Alpha Games

Bloc Party

Alpha Games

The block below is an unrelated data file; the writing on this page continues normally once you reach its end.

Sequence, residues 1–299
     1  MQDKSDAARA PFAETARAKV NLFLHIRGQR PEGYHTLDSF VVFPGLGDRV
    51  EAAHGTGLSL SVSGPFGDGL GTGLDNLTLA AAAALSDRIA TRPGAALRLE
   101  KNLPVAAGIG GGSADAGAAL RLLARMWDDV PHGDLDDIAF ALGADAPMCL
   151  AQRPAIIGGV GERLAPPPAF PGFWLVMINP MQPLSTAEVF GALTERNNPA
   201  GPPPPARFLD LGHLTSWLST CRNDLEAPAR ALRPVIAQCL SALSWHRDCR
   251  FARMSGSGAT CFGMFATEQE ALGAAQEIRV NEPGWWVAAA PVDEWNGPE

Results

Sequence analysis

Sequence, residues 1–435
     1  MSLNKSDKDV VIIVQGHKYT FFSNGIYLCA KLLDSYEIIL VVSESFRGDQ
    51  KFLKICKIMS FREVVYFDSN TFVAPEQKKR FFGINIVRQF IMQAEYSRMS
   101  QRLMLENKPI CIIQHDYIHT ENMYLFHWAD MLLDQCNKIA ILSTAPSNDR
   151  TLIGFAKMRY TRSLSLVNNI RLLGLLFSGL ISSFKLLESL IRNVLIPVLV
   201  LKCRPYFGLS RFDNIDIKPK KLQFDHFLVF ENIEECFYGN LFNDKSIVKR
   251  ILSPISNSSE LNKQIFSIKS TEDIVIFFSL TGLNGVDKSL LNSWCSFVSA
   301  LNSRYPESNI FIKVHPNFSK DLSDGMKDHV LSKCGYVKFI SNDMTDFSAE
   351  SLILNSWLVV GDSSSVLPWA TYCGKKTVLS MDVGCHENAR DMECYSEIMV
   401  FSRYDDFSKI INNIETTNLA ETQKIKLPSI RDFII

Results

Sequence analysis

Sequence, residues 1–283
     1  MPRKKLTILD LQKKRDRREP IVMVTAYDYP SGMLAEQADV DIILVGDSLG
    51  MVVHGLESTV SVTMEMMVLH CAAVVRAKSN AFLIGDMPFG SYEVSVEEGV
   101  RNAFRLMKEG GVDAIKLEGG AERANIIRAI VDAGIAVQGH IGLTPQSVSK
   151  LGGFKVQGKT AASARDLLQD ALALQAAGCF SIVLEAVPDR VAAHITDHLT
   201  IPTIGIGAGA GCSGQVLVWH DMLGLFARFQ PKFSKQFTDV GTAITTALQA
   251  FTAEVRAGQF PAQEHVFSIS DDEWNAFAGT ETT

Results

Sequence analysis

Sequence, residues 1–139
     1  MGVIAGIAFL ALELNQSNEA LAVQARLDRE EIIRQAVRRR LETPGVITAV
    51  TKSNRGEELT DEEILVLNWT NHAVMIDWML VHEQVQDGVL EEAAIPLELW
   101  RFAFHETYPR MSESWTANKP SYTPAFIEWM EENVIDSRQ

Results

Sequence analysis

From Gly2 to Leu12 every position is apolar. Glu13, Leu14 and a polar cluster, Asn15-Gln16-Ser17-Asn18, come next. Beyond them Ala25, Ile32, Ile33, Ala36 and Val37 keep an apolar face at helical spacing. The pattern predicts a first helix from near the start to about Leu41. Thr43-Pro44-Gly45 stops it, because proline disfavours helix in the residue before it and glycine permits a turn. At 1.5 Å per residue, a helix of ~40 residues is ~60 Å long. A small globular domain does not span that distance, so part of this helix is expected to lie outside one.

Kele Okereke isn’t usually someone who looks backwards. “As soon as we finish a record and deliver it, that’s usually the point I stop listening to it as it becomes someone else’s,” Bloc Party’s singer/guitarist tells Apple Music. However, during 2018 and 2019, the band revisited their past as they played their debut album, 2005’s Silent Alarm, in full at live dates around the world. During sound checks, new music began to emerge—tracks that would eventually appear on their sixth studio album, Alpha Games. “The energy we were putting into the Silent Alarm songs, which were in our blood and our muscle memory, felt connected to these new songs on some level,” he says. Despite that genesis, Alpha Games is still a forward-looking record—not least because it’s the first to be truly made by this iteration of Bloc Party, with Okereke and fellow founding member Russell Lissack (guitar) joined by Justin Harris (bass) and Louise Bartle (drums). While the latter duo have been in post since 2015, previous album Hymns, made in 2016, was largely written by Okereke and Lissack, in the studio and directly into a computer. “We could manipulate anything any way that we felt like, and that can be quite eye-opening,” Okereke says. “But we knew this record needed to feel different, which it soon did, thanks to the spontaneous alchemy that came from four different personalities and perspectives coming together. The magical part of writing songs with other people is that you don’t know where you’re going to end up.” Where they’ve ended up is as captivating as it is diverse. Alpha Games takes in hulking riffs (“Traps”), undulating grooves (“Callum Is a Snake”), cinematic electronica (“Sex Magik”), and brooding post-rock (“The Girls Are Fighting”)—all tied together by unifying themes of conflict and anger, dishonesty and duplicity. “There’s something fascinating about menacing things going on beneath the surface,” says Okereke. Let him guide you through the record, track by track. “Day Drinker” “It was two separate ideas that I could see potential in but needed to be finessed. In the final production session before we recorded the album, it all slotted into place. Lyrically, it really encapsulates what I see the record as being about: this kind of struggle for dominance. And what better way to exhibit and explore that than in the relationship between siblings? It’s about two warring siblings, an older brother who’s jealous of his younger brother’s success. We were able to carry that idea through in the instrumental section towards the end. The way that Russell and I are following each other with our guitar lines was, to me, supposed to signify two brothers dueling.” “Traps” “Justin had an idea for a version of the bassline, which we heard something in and added more parts around it. As it took shape, we’d play it in sound checks, and whenever we did, all of our crew would stop and listen. We knew then that there was something arresting about it. It gave us an indication of where we should be going with the album.” “You Should Know the Truth” “I like it because the musical refrain is so sweet and childlike but the words are so dark. It feels like one of the darkest things that I’ve ever sung, insomuch as it’s about coming clean after years of living a lie and the harm that can produce. But I love that most people won’t really get that [meaning]—if they don’t listen to the words then it’ll just be a pretty song. I quite like that, because a lot of my favorite music, like the Pixies, has such rousing melodies and violent imagery, marrying the dark and the light.” “Callum Is a Snake” “Callum is a real person, for sure, but Callum is not his real name. I think the song is less about him than it is about putting someone on blast, knowing that you’ve been fucked over and not wanting someone to get away with it. It’s about a very calm and calculated bout of aggression towards someone, because you can see what they’re doing and they need to stop, otherwise there will be consequences.” “Rough Justice” “This was one of the songs in which I could see lots of different scenes, like vignettes, as if I was a narrator watching them come together. I didn’t have a clear vision about what it was about, but looking back now I can see. It brings to mind a passage from the Bret Easton Ellis novel Glamorama, in which we find out that all of these socialite party people are actually an underground terrorist cell. That always stuck with me—that sense of there being a public face and a private face.” “The Girls Are Fighting” “The conflict here is about two women coming to blows because someone has been selling them dreams and lying to them, in order to get something he wanted out of them. That’s a theme that recurs throughout the record. It was a fascinating thing for me to explore, because I’ve always found those moments when people drop their masks of politeness, and real passion or violence erupts, to be strangely attractive.” “Of Things Yet to Come” “I guess it’s the most tender of the songs on the record. We were conscious that we wanted Alpha Games to have no lags and for all the energy to be up, but I feel like this is the one song when the energy isn’t up. It’s important because although there isn’t such palpable aggression in it, there is a tremendous sense of regret at the way life has panned out—and looking back wistfully and recognizing that you could have been a better person to someone.” “Sex Magik” “This song is ultimately about a very short-lived relationship—actually ‘tryst’ is probably a better word—with someone, without being fully aware of what they’re entirely about. You then recognize that you’re being led down a path that you’re not really sure you should be going down. Both ‘Sex Magik’ and ‘Traps,’ to me, feel quite sexual, but from different perspectives. In ‘Traps,’ it’s quite predatory: The singer is looking at someone he wants to take advantage of. In ‘Sex Magik,’ though, it’s the opposite side of that experience—someone realizing that maybe they’re being taken advantage of.” “By Any Means Necessary” “To me, it’s about ruthless ambition and knowing that you’ll stop at nothing to achieve what it is you’re setting out for, even at the cost of your humanity. That song feels like an assassin, psyching themselves up before the hit.” “In Situ” “Although ‘In Situ’ was one of the earlier songs we wrote, we didn’t really develop it properly until the end of the process. I was left with a bit of freedom, lyrically, so wrote them on the fly. It’s about this sense of inertia—this sense that after the pandemic, a lot of people reconciled what was going on in their lives. It’s about feeling you’re in your habitat, your space, having this life that has a sense of routine. I was sleeping in the same bed, not on a tour bus, so I was feeling quite domesticated. I think there was part of me that was worried the moss would grow over me and I’d forget what I’d done for such a big part of my life.” “If We Get Caught” “It definitely has a whimsical edge to it, but there’s a sense of impending doom. Although it’s a beautiful sentiment, about this tender moment between two people, there is this sense that very soon the shit is going to hit the fan. ‘If We Get Caught’ is like a final goodbye—a moment of tenderness before heads start to roll.” “The Peace Offering” “There’s all this rage and angst and conflict within the songs prior, but in ‘The Peace Offering’ there’s a sense of cold detachment. What happens after the fires of rage burn out and you’re left numb and disconnected? This song is about that feeling of letting your hate go but not letting love come into its place. Sometimes you have to cauterize the wound and move on. It’s ultimately about not looking for forgiveness, realizing that you’re never going to agree and that maybe it’s better to just part.”